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Diet & Pancreatic Cancer

High-Starch Diet And Pancreatic Cancer

A diet high in starchy foods such as potatoes, rice and white bread may increase the risk of pancreatic cancer in women who are overweight and sedentary, according to a new study by Dana-Farber Cancer Institute, Brigham and Women’s Hospital and Harvard School of Public Health researchers.

Earlier laboratory studies have demonstrated that insulin encourages the growth of pancreatic cancer cells. Other studies have shown that people who are obese, physically inactive or have adult-onset diabetes mellitus tend to be “insulin resistant,” causing them to produce larger-than-normal amounts of insulin to compensate and putting themselves at greater risk for pancreatic cancer.

The researchers reasoned that if insulin fuels the growth of pancreatic cancer, then foods that prompt the body to produce large amounts of insulin should be associated with a greater occurrence of the disease. Knowing that the body uses insulin to burn sugar, the researchers focused on foods that raise blood levels of glucose, a sugar that is a main energy source for cells.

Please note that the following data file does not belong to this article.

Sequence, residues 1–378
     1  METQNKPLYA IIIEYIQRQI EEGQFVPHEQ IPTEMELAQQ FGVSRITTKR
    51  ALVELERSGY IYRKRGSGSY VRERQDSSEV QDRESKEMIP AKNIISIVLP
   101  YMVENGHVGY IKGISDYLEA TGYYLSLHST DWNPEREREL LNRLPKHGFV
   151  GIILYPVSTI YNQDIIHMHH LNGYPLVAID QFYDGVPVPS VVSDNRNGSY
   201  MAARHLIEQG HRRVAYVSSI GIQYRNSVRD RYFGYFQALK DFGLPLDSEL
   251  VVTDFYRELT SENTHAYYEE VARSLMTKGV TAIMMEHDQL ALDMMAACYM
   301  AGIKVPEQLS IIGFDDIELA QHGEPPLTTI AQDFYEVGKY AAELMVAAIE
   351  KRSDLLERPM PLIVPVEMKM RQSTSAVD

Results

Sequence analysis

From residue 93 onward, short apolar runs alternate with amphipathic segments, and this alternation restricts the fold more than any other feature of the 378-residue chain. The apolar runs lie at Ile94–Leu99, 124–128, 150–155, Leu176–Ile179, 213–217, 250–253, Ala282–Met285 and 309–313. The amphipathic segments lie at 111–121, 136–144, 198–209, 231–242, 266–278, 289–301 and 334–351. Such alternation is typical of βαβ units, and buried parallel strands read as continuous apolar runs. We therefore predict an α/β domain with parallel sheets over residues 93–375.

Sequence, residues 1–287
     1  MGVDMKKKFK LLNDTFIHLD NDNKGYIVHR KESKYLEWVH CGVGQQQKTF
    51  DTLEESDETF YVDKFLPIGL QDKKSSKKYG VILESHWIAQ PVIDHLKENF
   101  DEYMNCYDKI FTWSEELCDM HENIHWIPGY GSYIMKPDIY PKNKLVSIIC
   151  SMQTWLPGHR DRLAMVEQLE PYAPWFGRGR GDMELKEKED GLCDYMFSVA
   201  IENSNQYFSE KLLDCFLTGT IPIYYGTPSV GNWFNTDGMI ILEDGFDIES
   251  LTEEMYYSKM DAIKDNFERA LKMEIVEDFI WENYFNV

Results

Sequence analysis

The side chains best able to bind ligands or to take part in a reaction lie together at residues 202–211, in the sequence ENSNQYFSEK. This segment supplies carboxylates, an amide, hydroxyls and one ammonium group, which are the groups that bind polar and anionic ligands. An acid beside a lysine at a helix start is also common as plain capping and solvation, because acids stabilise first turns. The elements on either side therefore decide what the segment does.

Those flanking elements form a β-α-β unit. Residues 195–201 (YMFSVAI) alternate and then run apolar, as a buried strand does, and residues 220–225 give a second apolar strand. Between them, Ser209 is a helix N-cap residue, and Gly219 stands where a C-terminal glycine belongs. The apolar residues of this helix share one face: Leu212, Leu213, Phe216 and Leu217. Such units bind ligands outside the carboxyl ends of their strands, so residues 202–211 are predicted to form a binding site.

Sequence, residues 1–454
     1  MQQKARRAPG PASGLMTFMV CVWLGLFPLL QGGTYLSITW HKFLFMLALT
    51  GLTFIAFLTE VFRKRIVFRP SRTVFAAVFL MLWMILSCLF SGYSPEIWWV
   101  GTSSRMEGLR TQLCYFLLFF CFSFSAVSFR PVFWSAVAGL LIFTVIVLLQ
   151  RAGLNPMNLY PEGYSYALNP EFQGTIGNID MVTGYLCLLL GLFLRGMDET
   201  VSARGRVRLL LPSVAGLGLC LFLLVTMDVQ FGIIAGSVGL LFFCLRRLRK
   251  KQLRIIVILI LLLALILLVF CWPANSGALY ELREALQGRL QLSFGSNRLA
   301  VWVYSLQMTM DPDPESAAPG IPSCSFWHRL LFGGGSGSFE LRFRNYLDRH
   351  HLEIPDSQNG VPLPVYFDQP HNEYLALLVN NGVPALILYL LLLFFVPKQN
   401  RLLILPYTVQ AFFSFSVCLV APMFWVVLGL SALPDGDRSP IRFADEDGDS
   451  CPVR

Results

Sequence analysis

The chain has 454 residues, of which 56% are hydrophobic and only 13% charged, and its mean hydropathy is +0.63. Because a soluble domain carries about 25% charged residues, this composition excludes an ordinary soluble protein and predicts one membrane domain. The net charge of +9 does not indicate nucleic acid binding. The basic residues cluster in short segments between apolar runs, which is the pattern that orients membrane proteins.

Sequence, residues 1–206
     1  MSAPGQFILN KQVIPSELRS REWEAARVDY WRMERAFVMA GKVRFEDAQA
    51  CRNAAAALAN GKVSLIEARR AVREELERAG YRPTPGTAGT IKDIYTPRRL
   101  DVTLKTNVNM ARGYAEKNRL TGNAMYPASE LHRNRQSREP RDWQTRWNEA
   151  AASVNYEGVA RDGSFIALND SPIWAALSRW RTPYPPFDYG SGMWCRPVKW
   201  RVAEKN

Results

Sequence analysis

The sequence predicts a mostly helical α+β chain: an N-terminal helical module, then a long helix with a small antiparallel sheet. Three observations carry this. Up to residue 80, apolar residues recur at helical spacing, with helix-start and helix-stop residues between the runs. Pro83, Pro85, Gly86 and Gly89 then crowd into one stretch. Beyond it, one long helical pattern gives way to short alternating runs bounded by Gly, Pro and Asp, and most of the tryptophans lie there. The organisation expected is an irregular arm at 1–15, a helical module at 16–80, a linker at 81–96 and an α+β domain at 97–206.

Data for the study came from the Nurses’ Health Study, a project at Brigham and Women’s Hospital that tracks health information on female nurses across the country. The researchers reviewed the dietary records of nearly 89,000 nurses.

The researchers found that women who were significantly overweight and physically inactive (and whose levels of glucose and insulin were therefore already above normal) were more than two-and-a-half times more likely to develop pancreatic cancer if they had a high glycemic load than if they had a low glycemic load. Interestingly, a high glycemic load did not increase pancreatic cancer risk among women who were lean and physically fit.

The researchers note that this trend had not reached the level of statistical significance due to the limited number of cancer cases in each category.

“The take-home message for women who are overweight and sedentary is that a diet high in starchy foods may increase their risk of pancreatic cancer,” says Fuchs. “Substituting less starchy vegetables such as broccoli for potatoes and rice and snacking on fruit are some simple steps that they can take to reduce this potentially serious health risk.”

Note: Nearly 30,000 men and women in the United States are diagnosed with pancreatic cancer each year, and an equal number die from it. Pancreatic cancer typically is highly aggressive and is one of the least-curable malignancies. Only four percent of the people with pancreatic cancer are alive five years after diagnosis.

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